Other Common Names:
The other common names for the herb Calendula officinalis are calendula, Mary gowles, golds and pot marigold.
The Common Marigold is familiar to everyone, with its pale-green leaves and golden orange flowers. It is said to be in bloom on the calends of every month, hence its Latin name, and one of the names by which it is known in Italy - fiore d'ogni mese - countenances this derivation.
It was not named after the Virgin, its name being a corruption of the Anglo-Saxon merso-meargealla, the Marsh Marigold. Old English authors called it Golds or Ruddes. It was, however, later associated with the Virgin Mary and in the seventeenth century with Queen Mary.
It was well known to the old herbalists as a garden-flower and for use in cookery and medicine.
Calendula is an annual or biennial plant which reaches a height of 30 to 40 cm. Its flower heads are bright yellow to orange. Stems and leaves are fleshy and sticky to the touch. There are several varieties with full flower heads, with dark or light stamens. The flowers are the part used in herbal medicine. Calendula bears many-petaled orange or yellow flowering heads two to three inches (four to seven centimeters) in diameter. The oblong green leaves help to distinguish calendula from tagetes marigolds.
Range and Habitat
The calendula is an indigenous plant species of the southern European region. These days, it is cultivated in many temperate regions of the world for use in many processes and is naturalized in temperate North America and Asia. Ideal soil profiles for the growth of the calendula are light to sandy and moderately rich soils. The soil must be fairly moist with a good drainage without water logging. The calendula tolerates a pH range from an acidic 4.5 to a very alkaline 8.3.
Seeds sown in April, in any soil, in sunny, or half-sunny places germinate freely. They require no other cultivation but to keep them clean from weeds and to thin out where too close, leaving them 9 to 10 inches apart, so that their branches may have room to spread. The plants will begin to flower in June, and continue flowering until the frost kills them. They will increase from year to year, if allowed to seed themselves. The seeds ripen in August and September, and if permitted to scatter will furnish a supply of young plants in the spring.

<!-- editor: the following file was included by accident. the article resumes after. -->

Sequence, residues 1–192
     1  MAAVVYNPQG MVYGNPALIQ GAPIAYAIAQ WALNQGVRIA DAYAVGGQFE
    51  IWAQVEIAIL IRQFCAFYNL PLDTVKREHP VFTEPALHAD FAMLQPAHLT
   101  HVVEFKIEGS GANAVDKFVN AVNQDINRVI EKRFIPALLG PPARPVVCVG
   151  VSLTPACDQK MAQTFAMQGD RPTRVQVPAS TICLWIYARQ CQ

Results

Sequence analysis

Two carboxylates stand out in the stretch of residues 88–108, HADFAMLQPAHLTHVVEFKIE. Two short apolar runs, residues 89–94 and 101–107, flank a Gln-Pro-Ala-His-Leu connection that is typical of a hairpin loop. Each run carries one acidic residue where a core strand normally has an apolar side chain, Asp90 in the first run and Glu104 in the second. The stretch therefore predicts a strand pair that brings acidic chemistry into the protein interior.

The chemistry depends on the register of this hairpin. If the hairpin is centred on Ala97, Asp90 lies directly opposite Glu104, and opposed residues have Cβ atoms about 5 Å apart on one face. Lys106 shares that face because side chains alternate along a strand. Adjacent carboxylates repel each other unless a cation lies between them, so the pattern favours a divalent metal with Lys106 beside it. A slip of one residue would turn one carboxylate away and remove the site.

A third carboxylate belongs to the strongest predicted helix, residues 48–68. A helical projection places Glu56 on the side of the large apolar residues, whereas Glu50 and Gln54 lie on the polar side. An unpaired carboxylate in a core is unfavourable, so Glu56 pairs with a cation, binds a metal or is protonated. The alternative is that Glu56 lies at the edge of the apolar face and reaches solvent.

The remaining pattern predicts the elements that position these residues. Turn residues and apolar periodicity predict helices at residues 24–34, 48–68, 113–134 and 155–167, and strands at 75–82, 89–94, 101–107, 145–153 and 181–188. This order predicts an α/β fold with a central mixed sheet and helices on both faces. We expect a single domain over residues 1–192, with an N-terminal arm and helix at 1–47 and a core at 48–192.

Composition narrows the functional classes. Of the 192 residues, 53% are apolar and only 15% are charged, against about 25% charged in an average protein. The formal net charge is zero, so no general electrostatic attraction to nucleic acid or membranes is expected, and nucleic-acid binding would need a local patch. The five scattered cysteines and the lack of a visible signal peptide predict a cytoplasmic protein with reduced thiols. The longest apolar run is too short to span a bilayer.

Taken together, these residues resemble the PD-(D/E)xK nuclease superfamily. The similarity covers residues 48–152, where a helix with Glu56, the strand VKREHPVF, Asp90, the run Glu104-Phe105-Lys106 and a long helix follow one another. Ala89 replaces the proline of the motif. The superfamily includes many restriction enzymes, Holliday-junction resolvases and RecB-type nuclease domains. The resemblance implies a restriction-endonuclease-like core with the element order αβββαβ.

The calendula can be placed in pots for keeping inside the house in midsummer. Plants must be brought indoors several days in advance before the estimated coming of the first frosts in the fall. When calendula plants are placed indoors, the plants will need a minimum of five hours exposure to direct sunlight daily, which can be substituted by twelve hours of exposure to strong artificial light a day. As root rot can result from excess water, plants must not be watered too often. Ideally, the soil in the pot must be kept moderately moist at all times.
The flowers and the
leaves are the main parts
which are of medicinal and
Begins in June. Its name refers to its tendency to bear flowers by the calendar, once a month in warm climates, usually during the new moon.
Pests and Diseases
Calendula is not normally troubled by disease, but it is susceptible to mildew in warm, moist weather. Remove affected plants and inspect the patch regularly to nip any further problems in the bud. Calendula is a particular favourite of aphids. This shouldn't be too much of a problem, as beneficial predators such as ladybirds, lacewings and hoverflies will soon swoop in to eat the pests.
• Calendula cleanses, stimulates circulation and improves the healing of wounds. The ointment brings swift relief in phlebitis, varicose ulcers, fistulas, frost bites and burns. Use the ointment and also the residue of ointment preparations for ulcers on the breast, even if they are malignant.
• Cancer like ulcers and growths, cracked feet, ulcerated legs, thigh ulcers and also malignant, suppurating, non-healing wounds are helped by washing with an infusion of equal parts of Calendula and Horsetail.
• The phytochemicals in calendula make it a particularly good treatment for cuts, scrapes, bruises, and minor wounds. Calendula is also effective for more serious skin conditions like psoriasis and eczema, and lends itself well to long term use.
• It has been asserted that a Marigold flower, rubbed on the affected part, is an admirable remedy for the pain and swelling caused by the sting of a wasp or bee. A lotion made from the flowers is most useful for sprains and wounds, and a water distilled from them is good for inflamed and sore eyes.
• An infusion of the freshly-gathered flowers is employed in fevers, as it gently promotes perspiration and throws out any eruption - a decoction of the flowers is much in use in country districts to bring out smallpox and measles.
• The leaves when chewed at first communicate a viscid sweetness, followed by a strong penetrating taste, of a saline nature. Snuffed up the nose it excites sneezing and a discharge of mucous from the head.
• Calendula tinctures and teas can be helpful for food allergies, gastritis, and irritable bowel problems.
• The leaves, eaten as a salad, have been considered useful in the scrofula of children, and the acrid qualities of the plant have caused it to be recommended as an extirpator of warts.
• This anti-bacterial flower is also used as an eyewash for conjunctivitis (pink eye).
• The freshly pressed juice of Calendula can be used successfully even in cancer of the skin.
• It is excellent for virus infections and bacteria in the urine.
• Calendual reduces inflammation, promotes digestion and prevents the overgrowth of yeasts.
• A yellow dye has also been extracted from the flower, by boiling.